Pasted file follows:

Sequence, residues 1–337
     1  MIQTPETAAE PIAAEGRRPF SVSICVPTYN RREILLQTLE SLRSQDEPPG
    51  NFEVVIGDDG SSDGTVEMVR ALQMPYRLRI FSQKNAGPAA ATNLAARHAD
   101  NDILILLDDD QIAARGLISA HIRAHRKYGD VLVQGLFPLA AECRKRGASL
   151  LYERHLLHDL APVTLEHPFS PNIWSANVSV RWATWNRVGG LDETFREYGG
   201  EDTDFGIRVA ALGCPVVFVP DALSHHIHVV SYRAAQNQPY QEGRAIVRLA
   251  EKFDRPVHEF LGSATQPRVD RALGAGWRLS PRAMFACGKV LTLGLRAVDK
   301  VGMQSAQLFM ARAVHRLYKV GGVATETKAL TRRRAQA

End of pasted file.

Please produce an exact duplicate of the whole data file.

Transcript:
Sequence, residues 1–337
     1  MIQTPETAAE PIAAEGRRPF SVSICVPTYN RREILLQTLE SLRSQDEPPG
    51  NFEVVIGDDG SSDGTVEMVR ALQMPYRLRI FSQKNAGPAA ATNLAARHAD
   101  NDILILLDDD QIAARGLISA HIRAHRKYGD VLVQGLFPLA AECRKRGASL
   151  LYERHLLHDL APVTLEHPFS PNIWSANVSV RWATWNRVGG LDETFREYGG
   201  EDTDFGIRVA ALGCPVVFVP DALSHHIHVV SYRAAQNQPY QEGRAIVRLA
   251  EKFDRPVHEF LGSATQPRVD RALGAGWRLS PRAMFACGKV LTLGLRAVDK
   301  VGMQSAQLFM ARAVHRLYKV GGVATETKAL TRRRAQA